• You also have the choice to talk to the friend in the relationship and express your needs in the friendship. This can be very tricky to do without coming across as needy or making the friend in the relationship feel guilty. While it can be helpful sometimes, I would approach it with caution and love.
  • Choose to include the person you are feeling replaced by. This can be a tough one, but looking into the future, if you want to continue a friendship with your friend, get to know the person they are in the relationship with. If you have had a close friendship for many years, the new person entering into the relationship with your friend could easily feel threatened. You have the opportunity to bless this couple by becoming friends with both of them. The dividends of this investment will be more than you can comprehend.

It’s so easy to become offended and upset when we feel we have been replaced! It’s ok to grieve the loss, but it’s not ok to let it destroy your relationship with your friend. (Please note the other person always has a choice too – but we are responsible for 31 DAYS OF Being Single our own choices and how we respond to them).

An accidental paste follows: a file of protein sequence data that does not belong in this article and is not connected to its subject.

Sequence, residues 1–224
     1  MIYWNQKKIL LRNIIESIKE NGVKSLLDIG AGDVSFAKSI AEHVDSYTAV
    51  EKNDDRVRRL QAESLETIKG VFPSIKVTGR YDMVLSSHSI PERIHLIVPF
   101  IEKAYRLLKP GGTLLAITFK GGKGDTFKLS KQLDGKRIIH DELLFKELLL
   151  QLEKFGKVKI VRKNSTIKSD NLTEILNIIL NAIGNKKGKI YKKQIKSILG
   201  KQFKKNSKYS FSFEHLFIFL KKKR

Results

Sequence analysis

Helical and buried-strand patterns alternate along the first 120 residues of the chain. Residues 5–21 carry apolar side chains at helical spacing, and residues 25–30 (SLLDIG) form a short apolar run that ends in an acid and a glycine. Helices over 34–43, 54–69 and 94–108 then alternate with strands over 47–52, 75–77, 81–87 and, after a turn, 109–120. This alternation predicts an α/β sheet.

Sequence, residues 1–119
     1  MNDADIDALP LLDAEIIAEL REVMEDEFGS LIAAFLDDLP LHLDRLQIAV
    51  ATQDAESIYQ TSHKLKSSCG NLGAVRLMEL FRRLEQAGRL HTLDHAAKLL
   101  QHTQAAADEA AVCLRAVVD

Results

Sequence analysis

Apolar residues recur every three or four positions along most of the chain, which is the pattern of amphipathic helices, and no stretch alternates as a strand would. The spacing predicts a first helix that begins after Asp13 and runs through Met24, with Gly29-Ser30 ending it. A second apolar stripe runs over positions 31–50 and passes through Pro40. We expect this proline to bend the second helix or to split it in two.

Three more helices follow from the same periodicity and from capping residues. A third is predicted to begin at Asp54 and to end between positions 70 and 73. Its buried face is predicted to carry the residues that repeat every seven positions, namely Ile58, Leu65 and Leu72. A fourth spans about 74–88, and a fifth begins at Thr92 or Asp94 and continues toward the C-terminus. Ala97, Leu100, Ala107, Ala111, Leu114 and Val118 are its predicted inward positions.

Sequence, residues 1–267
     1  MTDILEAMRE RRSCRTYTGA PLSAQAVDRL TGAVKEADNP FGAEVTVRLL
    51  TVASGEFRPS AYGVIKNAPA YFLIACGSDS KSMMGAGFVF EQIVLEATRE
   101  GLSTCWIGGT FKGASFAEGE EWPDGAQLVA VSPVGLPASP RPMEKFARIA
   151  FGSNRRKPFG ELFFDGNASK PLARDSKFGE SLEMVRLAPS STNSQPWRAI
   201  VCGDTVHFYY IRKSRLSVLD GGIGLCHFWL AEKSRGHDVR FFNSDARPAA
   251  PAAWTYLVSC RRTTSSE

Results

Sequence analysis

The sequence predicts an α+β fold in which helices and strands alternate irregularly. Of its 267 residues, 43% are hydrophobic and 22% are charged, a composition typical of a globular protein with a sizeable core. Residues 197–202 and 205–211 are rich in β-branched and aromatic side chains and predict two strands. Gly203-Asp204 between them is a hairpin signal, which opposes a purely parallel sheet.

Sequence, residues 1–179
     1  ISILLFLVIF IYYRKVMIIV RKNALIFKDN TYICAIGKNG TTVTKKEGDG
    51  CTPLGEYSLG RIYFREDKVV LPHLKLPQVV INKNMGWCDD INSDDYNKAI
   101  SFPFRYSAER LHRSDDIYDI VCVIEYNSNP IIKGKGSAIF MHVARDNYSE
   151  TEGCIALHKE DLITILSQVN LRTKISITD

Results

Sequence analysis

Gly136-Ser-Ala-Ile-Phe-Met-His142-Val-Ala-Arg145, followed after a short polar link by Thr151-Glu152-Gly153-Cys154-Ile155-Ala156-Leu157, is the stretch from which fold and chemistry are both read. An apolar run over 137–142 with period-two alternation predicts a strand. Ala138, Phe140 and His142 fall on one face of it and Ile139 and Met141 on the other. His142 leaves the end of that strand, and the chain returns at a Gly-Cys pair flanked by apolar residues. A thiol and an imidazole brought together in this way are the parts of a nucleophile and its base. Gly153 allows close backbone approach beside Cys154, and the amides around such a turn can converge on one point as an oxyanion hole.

How do you think 1 Corinthians 13 applies when we have been replaced in a friendship? (Please read it slowly).

Love is patient and kind; love does not envy or boast; it is not arrogant  or rude. It does not insist on its own way; it is not irritable or resentful; it does not rejoice at wrongdoing, but rejoices with the truth. Love bears all things, believes all things, hopes all things, endures all things.

“Replaced” is a part of the “Today’s The Day: Being Single and Fully Alive” a 31 Days Series. To read the pervious post please click here.


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Today is the Day: Being Single and Fully Alive